- Congressman: McAuliffe victory means gun control a winning message
- Clinton aide admits soliciting disgraced D.C. fundraiser; says actions were legal
- Joel Osteen church victimized in $600K theft
- Obama goes shopping at Gap as minimum-wage thanks
- N.J. woman charged after client dies from black-market butt injections
- CIA chief Brennan ‘determined’ to speak out more this year
- Reset? What reset? U.S.-Russia ties at worst since Cold War
- 9/11 terror recruiter released in Syrian prisoner swap
- D.C. elections board gives green light to marijuana legalization initiative
- Elephants can tell difference between human languages: study
Wimbledon to start a week later in 2015
LONDON (AP) - Wimbledon will start a week later in 2015 to give players more time to recover after the French Open.
The All England Club announced the change on Thursday, saying in a statement that it will "benefit the sport as a whole by creating a three-week gap between the French Open and Wimbledon."
In 2015, the tournament will run from June 29 to July 12. The schedule change will give players one extra week to adjust from a slower clay surface to a faster grass court.
"The best interests of tennis will be served by allowing the players more time to recuperate and to adjust from the clay of Roland Garros to the grass at Wimbledon," All England Club chairman Philip Brook said. "All our research indicates that there is widespread support within the game for extending the gap between the French Open and Wimbledon and, importantly, we think most players will welcome the prospect of a longer grass-court season and spending more time on the softer surface of grass."
At this year's Wimbledon, which started on June 25, several players expressed support for an additional week between majors.
"It would give, especially the top players, a little bit more time to get used to the surface," Novak Djokovic said during the tournament. "Logically speaking, it is the slowest surface that we're talking about _ clay _ moving to the fastest one, which takes time. Over the years, we all had to adjust."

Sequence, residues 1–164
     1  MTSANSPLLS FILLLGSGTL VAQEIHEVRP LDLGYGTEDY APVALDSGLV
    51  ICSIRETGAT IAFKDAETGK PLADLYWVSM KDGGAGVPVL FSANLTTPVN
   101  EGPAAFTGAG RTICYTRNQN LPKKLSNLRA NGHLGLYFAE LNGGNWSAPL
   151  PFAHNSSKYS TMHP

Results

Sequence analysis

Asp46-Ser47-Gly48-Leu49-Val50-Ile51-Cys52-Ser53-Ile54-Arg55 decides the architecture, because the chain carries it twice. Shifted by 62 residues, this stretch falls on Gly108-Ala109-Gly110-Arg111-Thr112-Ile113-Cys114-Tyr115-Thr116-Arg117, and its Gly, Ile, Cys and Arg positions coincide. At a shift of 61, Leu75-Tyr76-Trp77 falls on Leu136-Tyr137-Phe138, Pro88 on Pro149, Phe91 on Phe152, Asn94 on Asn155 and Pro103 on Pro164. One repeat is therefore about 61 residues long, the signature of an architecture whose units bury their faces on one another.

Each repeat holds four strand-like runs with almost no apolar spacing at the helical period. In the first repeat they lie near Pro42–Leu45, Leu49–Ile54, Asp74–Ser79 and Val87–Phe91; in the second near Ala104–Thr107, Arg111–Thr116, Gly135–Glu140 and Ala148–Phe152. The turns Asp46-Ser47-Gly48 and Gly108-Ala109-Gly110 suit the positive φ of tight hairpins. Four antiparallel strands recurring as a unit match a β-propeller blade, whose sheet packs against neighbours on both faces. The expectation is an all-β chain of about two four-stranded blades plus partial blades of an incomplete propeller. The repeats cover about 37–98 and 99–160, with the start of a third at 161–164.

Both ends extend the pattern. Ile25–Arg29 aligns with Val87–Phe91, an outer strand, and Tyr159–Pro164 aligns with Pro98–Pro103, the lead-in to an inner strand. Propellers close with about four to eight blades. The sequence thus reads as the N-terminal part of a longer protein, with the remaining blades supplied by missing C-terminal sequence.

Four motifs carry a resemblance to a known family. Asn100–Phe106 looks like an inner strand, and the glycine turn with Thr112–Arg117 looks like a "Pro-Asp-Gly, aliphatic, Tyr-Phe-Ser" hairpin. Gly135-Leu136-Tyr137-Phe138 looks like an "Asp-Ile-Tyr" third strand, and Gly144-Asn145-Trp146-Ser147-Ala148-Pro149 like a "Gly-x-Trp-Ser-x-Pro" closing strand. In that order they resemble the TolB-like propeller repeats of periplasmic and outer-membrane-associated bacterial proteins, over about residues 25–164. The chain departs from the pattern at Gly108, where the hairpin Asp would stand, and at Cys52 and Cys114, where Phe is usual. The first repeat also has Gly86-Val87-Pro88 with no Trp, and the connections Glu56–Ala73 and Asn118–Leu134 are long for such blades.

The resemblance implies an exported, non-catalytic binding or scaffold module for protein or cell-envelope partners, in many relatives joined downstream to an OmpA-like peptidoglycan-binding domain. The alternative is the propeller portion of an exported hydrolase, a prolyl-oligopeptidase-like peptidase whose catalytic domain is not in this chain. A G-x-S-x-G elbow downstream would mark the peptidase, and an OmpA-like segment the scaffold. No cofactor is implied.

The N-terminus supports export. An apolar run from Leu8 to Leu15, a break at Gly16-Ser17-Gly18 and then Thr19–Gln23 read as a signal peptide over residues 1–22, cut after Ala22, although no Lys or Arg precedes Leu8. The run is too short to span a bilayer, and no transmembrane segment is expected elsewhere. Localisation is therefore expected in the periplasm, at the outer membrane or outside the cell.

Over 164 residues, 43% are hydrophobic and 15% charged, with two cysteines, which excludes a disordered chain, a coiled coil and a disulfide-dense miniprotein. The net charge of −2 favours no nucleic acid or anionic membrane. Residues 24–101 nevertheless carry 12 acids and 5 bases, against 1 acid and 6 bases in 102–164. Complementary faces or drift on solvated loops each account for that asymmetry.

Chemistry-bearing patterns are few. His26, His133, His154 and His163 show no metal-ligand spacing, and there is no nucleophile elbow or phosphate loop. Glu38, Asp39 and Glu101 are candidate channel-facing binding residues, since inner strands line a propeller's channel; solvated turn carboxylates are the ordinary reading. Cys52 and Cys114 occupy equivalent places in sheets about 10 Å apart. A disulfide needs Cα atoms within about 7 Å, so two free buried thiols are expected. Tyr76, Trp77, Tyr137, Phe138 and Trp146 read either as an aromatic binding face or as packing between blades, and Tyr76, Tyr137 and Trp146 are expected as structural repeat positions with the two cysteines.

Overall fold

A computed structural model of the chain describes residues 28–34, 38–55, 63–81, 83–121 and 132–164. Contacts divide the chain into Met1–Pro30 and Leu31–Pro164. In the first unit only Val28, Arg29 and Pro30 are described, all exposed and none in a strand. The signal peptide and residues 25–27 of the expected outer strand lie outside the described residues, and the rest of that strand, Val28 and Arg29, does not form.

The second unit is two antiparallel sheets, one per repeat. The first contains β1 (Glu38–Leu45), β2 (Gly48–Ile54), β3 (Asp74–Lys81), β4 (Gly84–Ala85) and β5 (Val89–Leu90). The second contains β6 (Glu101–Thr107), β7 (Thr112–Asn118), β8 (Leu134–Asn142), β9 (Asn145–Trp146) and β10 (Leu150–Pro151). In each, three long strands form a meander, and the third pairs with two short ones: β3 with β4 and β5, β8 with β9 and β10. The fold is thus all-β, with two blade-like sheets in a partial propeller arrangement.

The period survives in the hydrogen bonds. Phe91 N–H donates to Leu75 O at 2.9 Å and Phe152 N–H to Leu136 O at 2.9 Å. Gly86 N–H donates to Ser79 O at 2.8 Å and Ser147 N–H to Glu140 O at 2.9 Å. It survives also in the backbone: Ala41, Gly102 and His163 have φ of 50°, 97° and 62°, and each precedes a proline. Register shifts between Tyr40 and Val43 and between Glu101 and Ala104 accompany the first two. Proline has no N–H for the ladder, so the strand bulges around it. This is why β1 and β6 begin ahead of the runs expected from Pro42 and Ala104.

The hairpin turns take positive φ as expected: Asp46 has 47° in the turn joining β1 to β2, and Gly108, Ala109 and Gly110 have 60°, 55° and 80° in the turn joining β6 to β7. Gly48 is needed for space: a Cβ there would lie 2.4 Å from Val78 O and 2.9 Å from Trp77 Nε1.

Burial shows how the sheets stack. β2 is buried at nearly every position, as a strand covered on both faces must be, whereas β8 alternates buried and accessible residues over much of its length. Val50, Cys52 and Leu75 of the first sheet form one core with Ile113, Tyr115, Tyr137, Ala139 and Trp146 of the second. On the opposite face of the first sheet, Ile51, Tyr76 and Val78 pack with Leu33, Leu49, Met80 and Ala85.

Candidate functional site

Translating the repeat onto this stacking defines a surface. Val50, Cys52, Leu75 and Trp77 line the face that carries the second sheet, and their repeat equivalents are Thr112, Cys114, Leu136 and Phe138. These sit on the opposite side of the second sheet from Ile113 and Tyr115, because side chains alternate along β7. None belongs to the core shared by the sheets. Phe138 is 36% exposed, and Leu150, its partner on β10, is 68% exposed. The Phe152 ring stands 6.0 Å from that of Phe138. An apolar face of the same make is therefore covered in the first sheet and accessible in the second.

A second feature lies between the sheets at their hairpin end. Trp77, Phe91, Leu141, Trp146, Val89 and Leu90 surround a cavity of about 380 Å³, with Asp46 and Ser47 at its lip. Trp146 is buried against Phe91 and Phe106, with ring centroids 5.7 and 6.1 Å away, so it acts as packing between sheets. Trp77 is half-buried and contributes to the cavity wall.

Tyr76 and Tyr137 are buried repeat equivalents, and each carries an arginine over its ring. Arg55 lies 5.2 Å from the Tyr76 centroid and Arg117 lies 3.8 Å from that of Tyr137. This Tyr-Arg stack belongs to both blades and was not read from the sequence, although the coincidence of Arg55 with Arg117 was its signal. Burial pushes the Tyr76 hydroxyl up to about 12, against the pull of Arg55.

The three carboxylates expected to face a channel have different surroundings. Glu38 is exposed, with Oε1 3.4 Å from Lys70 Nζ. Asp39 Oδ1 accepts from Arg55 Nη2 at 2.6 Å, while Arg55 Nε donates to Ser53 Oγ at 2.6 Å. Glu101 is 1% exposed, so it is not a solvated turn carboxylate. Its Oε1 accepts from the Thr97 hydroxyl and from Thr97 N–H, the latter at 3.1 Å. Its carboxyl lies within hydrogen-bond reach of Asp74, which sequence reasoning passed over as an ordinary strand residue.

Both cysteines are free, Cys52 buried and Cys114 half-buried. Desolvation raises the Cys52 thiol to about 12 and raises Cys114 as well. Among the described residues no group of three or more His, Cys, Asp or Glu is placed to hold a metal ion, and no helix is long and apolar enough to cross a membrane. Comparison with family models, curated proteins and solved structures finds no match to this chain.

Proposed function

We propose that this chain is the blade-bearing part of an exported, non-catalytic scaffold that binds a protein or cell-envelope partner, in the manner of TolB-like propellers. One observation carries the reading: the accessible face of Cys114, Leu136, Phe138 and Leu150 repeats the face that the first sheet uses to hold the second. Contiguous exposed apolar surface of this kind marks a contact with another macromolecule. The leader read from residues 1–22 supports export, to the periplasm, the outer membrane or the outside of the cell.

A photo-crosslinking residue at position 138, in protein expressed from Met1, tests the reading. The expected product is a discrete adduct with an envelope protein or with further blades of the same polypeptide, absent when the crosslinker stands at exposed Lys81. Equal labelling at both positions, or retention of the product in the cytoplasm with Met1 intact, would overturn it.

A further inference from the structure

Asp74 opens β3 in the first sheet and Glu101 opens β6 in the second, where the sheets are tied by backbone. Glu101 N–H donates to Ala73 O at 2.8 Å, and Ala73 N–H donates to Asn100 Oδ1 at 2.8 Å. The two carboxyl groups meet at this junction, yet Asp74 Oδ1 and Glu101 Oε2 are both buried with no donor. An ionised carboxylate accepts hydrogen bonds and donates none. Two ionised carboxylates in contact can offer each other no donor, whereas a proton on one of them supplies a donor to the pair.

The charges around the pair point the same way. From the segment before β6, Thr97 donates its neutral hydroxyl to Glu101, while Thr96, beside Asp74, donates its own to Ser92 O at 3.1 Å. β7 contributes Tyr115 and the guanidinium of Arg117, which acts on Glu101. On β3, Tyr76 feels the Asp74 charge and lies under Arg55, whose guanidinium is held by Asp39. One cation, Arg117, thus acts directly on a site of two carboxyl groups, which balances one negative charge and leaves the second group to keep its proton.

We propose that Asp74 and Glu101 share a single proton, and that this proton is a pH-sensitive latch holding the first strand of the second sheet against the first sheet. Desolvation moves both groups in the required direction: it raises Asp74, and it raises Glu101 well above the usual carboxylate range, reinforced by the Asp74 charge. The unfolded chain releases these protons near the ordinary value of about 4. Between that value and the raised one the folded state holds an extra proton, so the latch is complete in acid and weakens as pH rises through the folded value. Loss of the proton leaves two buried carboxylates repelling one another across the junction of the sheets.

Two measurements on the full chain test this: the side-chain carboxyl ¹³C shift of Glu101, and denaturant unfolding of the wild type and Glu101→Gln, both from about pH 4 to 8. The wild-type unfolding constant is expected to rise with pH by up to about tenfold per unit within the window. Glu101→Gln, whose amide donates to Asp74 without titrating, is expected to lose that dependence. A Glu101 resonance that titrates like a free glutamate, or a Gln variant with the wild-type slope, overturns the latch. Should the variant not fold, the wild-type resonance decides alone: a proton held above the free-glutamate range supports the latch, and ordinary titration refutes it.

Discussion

Lleyton Hewitt, the 2002 Wimbledon winner, said "the grass-court season has always been too short."
The change to the Wimbledon schedule will mean other tournaments may have to change their dates.
"We recognize that there will be some important consequences for the overall tennis calendar and enough time needs to be given to allow us all to plan accordingly," Brook said. "In anticipation of the work required, I would like to thank our colleagues throughout the game for their enthusiasm and support for the vision of a tennis calendar that will better suit the needs of the modern day sport."
An America drowning in red ink is the land of the free no more
- Inside the Beltway: A new interest in Rahm Emanuel for 2016?
- Kim Jong-un calls for execution of 33 Christians
- David Jolly wins in Florida, GOP keeps swing district seat
- U.S. pilot scares off Iranians with 'Top Gun'-worthy stunt: 'You really ought to go home'
- 80 people publicly executed across North Korea for films, Bibles
- Brennan: Russia 'absolutely' could invade eastern Ukraine
- Bill Clinton poses for photo with Bunny Ranch prostitutes
- Atheists sue to remove 'Ground Zero Cross' from 9/11 museum
- CARNES: Kissinger's flawed and offensive analysis of Ukraine
- HURT: John Kerry The ridiculous face of a ridiculous U.S. diplomacy
Pope Francis meets his 'mini-me'
Celebrity deaths in 2014
Winter storm hits states — again